Updated: Jan 28
So you’ve decided you want to learn to knit, welcome! Great choice! But you don’t know what project is a good to start with, well let me give you some inspiration! Here are seven things you can knit as a beginner. All of these projects can be knitted in any weight of yarn, you just have to work to measurements, and most of them you don’t even need a pattern for either!
A scarf or snood
Of course, it sounds silly but knitting a scarf is the simplest and most useful thing to start out with. You don’t even need a pattern! You can just cast on as many stitches as you feel you want the width of your scarf or snood to be and just knit. You can either just keep doing knit rows until you master the feel of knitting, this is called Garter Stitch. Or if you want to learn Stocking Stitch, one row of knit, one row of purl, you can also do this too. You can literally just knit until you feel you have a scarf or snood the length you want! To make it a snood you just have to sew the two ends together to make it in to a circle.
2. Dishcloths or flannels
Dishcloths or Flannels are a really easy and useful knit. All you need is a 100% Cotton yarn, and you just need to knit it to a square roughly 20cm x 20cm. Just like with a scarf you can knit them in either garter stitch or stocking stitch, or like with the blanket you can practice new stitches. Dishcloths and Flannels make great easy gifts for friends too.
3. A blanket
Knitting a blanket sounds extensive, but it gives you the chance the get your rhythm. Not only that if you do a blanket out of squares, each square you can try out a new stitch, so in the end you’ll not only have learnt to knit with a library of stitches, you also have a cosy patchwork blanket at the end. The best part about this is that by knitting squares you are working on many small projects, so you feel that rush of joy at finishing each square. The only draw back is sewing them all together at the end, but if you are organised you can start sewing them together as you go alone so it’s not such a huge chore at the end!
4. A cushion cover
Another easy knit, if you’ve got a cushion already that you want to replace the cover on, or you can buy a new cushion pad to work to. You can make your cushion cover by knitting two large squares and sewing them together round the edges, or you could knit multiple smaller squares to sew together creating a patchwork cover. For the closure side you could sew on snap fasteners, or if you know how to use a sewing machine you could put a zip in.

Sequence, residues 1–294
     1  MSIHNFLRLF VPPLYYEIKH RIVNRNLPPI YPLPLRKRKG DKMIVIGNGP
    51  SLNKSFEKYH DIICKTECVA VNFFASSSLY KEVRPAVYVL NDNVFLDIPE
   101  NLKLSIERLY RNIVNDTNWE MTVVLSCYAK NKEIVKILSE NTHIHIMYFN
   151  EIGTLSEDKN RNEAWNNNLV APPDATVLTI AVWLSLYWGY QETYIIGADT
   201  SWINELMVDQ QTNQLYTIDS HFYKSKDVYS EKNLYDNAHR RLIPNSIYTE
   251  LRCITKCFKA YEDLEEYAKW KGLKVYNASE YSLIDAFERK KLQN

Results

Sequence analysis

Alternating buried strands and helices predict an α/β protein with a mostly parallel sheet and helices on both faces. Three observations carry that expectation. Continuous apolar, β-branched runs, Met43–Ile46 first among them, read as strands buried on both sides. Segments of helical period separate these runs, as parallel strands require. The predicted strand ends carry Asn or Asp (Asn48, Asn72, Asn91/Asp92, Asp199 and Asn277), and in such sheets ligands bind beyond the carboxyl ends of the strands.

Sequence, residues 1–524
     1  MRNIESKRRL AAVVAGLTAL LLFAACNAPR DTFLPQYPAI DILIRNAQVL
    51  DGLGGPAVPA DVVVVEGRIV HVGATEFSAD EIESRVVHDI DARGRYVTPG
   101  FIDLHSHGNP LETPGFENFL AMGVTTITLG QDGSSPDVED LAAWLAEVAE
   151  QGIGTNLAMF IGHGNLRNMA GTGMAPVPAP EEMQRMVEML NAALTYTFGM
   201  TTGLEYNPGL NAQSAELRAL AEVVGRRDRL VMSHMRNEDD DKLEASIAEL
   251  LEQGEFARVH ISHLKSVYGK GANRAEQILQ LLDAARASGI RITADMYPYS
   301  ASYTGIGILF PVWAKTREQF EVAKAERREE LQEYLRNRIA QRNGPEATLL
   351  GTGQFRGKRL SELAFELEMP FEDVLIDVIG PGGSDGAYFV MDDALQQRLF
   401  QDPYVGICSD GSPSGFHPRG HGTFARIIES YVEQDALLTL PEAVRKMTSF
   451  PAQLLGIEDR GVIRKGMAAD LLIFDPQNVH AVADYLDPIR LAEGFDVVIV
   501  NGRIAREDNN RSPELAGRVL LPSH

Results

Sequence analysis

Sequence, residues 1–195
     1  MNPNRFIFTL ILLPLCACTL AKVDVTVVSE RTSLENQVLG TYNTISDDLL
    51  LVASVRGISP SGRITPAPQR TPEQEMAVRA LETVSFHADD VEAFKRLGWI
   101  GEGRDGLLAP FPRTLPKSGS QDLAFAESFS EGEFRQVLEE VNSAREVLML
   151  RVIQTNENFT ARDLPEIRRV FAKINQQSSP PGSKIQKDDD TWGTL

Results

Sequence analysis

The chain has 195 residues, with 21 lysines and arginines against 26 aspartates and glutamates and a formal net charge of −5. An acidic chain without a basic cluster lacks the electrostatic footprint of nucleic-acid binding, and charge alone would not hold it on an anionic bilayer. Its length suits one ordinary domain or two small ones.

5. A headband
Knit a rectangle that measures 45cm x 10cm, sew the two ends together. Knit another smaller rectangle that measures 9cm x 4cm, which you will put around the width of the headband and sew the ends of that together, this will draw in your headband creating that super cute ruched section.
Wristwarmers can be as complicated as you want them to be, but they can be really simple. All you need to do is knit a rectangle around 22cm x 23cm, then fold it in half lengthways, sew the long side together 4cm. Leave a gap of 4cm, and then sew the remaining 15cm together. The 4cm gap left is your thumb hole! The best part is you can use any weight of yarn for it project.
7. A hat
So you’ve perfected knitting and purling, now you want to try something a little bit more advanced, a hat is the perfect answer. Hats tend to be relatively quick knits, especially if you use a Chunky or Super Chunky weight yarn. You can either knit a hat on straight needles and sew it up at the end, or you can practice using circular needles, which avoids any sewing up! This is a project where you will definitely need a pattern though, as you will need to know where to decrease to get the shaping.
What was my first knit?
I've always been very ambitious and creative, and my ideas are never "straight-forward". My Mum taught me to knit when I was a lot younger but I never took it up as a huge hobby, I think she probably tried me at knitting squares, but I obviously didn't carry on as I don't have anything to show from it! It wasn't till I was 23 and working here (back when it was called Altered Images) that I re-taught myself. I picked two completely different yarns; James C. Brett Rustic Mega Chunky and Rico Fashion Fur Double Knit, I knitted rectangles that I then sewed together to make a long snood. It is lovely and warm, I still have it to this day! Although in hindsight it wasn't a good idea mixing the two yarns, as the Mega Chunky is much heaver than the Fur, which meant over the time of wearing it, and wrapping it round my head it grew twice the length, so it really is a huuuuge snood, every time I wear it I can pretty much wrap it an extra time around my head! Ambitious me also chose a fluffy yarn, which isn't great for a beginner as you can't see your stitches, so I'm sure if you inspected it closely you'd find dropped stitches, and places where I gained stitches. But to this day it probably is the warmest snood I own because I can wrap it round that many times.
Has that inspired you to pick up your knitting needles and learn?
Any of the above would be a great knitting project for a beginner, and all of them are something you would use, or you could make as a gift for someone. You could pick one or work through all of these to gain more and more experience as a knitter. Welcome to the beginning of being able to knit your entire wardrobe and so much more!